A $1 million prize for the best basketball team and towering former NBA player Dr Shaquille O'Neal were presented by Prime Minister Kamla Persad-Bissessar yesterday as she unveiled a plan to tackle crime with sport among the nation's young people.
Persad-Bissessar launched "Hoop of Life—The Sweat 2012" at Beetham Gardens yesterday, with O'Neal as a surprise guest and the face of the competition.
Word spread quickly in the community, and before long, residents, many of them young men, had surged onto the basketball court on 23rd Street to catch a glimpse of the basketball legend.
Several of them brought along basketballs that they held up during the ceremony where O'Neal spoke briefly about his hope for communities like Hell Yard, Beetham, which the prime minister has unofficially renamed "Hope Yard".
He also referred to the prime minister as "a good woman".
"Hoop of Life", which was also launched in Marabella yesterday, will pit community basketball groups in a tackle to the finish for a first prize of $1 million.
The programme is a project of the Ministry of National Security, now presided over by Jack Warner and formerly headed by Brigadier John Sandy. Several other State agencies, including the National Infrastructure Development Company (Nidco), were also part of the planning.
Lamenting the consistent violence in areas like Beetham, Persad-Bissessar said:"The blood-letting must stop."
Adopting a term that became popular during the height of O'Neal's career on the court, Persad-Bissessar said the government was launching a "Shaq attack" on crime and juvenile delinquency.
The term "the sweat" came out of the local parlance for sport in the evening, Persad-Bissessar said, where people would often say they were "going for a sweat".
"I have two hoops in my yard at home, not one but two," Persad-Bissessar said, "It is a great way to keep fit."
Yesterday's ceremony was not without its moments, with one resident becoming emotional when the name "Hell Yard" was used and interrupted the proceedings to say so.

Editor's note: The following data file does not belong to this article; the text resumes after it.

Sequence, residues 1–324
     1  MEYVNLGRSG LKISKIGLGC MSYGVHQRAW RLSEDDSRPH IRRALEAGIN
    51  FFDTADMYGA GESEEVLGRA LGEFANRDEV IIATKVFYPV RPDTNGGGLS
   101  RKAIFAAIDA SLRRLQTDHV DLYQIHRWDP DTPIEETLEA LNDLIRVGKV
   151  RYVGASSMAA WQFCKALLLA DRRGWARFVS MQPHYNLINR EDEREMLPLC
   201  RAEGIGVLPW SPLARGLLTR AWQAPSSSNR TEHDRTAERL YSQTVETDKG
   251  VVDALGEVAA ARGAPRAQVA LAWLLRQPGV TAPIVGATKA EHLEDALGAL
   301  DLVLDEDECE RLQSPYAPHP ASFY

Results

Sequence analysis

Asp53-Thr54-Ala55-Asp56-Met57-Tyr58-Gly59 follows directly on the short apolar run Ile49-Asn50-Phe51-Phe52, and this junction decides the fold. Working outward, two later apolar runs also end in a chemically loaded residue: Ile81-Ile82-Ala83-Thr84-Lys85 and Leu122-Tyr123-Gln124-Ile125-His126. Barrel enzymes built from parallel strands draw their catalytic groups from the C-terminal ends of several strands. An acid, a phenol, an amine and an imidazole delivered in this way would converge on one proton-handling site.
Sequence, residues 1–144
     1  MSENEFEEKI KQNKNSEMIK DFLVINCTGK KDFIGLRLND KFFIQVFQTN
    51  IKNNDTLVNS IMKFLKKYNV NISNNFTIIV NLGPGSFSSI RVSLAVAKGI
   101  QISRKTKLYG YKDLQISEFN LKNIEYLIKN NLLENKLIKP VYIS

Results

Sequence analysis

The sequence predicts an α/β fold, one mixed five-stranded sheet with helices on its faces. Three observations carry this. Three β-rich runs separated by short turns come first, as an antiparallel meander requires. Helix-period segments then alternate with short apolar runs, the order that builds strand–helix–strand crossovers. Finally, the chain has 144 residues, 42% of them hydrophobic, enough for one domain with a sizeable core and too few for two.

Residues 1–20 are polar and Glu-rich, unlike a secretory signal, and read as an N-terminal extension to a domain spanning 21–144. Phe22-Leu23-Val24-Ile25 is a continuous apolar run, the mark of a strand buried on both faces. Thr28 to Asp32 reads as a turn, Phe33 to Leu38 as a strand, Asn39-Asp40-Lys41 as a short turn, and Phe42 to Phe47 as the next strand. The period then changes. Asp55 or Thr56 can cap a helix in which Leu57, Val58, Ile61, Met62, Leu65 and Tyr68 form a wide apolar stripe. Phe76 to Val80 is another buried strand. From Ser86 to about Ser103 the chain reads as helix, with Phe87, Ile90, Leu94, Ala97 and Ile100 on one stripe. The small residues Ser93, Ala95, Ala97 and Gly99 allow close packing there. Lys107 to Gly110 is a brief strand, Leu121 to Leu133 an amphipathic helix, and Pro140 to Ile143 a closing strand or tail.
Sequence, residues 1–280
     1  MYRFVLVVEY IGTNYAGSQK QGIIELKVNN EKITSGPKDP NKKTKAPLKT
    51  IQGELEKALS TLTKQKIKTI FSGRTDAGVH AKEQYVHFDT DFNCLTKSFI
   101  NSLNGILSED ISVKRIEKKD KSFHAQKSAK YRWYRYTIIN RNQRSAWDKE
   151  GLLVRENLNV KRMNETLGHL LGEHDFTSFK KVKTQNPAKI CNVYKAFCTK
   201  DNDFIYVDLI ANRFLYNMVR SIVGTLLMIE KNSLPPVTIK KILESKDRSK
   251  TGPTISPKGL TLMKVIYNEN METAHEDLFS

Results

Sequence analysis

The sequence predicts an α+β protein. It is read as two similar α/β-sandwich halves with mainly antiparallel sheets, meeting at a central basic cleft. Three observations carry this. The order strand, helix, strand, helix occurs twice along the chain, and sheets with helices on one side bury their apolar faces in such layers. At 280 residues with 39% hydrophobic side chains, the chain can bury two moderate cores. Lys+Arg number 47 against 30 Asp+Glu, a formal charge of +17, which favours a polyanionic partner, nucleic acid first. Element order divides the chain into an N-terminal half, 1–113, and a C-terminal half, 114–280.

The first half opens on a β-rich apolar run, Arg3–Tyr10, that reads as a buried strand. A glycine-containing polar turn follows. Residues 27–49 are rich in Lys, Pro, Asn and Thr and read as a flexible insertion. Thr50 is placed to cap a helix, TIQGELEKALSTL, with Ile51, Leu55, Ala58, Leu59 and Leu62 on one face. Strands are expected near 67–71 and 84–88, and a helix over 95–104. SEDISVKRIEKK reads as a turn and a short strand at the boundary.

The female resident had to be restrained when she objected to the name during greetings by young resident Kareem Marcelle.
The woman said she did not see her community as being a "hellyard" but as being a "Heaven's Yard".
The interruption did not mar the event, with the MC apologising and saying the woman was very passionate in her love for her community.
But her words were not lost on O'Neal, who later said he liked the name "Heaven's yard".
O'Neal said his childhood neighbourhood was far worse than what he saw around him yesterday, calling the Beetham Gardens settlement "luxury", by comparison.
The former basketballer appealed to the young people of the community to be steadfast in their self-belief, the trait he said which led him to success.
"I was told I wasn't smart," said O'Neal, who graduated earlier this year from Barry University in the US with a PhD in organisational learning and leadership.
"I was told I can't play. But I believed in myself."
He also asked parents to go easy on their children when they are spending time playing sports. "Let them play," he said.
O'Neal said he had always wanted to visit Trinidad and Tobago and would return for Carnival.
The Hoop of Life competition, details for which will be announced by Sport Minister Anil Roberts at a later date, boasts a first prize of $1 million, a second prize of $500,000 and a third prize of $250,000. • See Page 4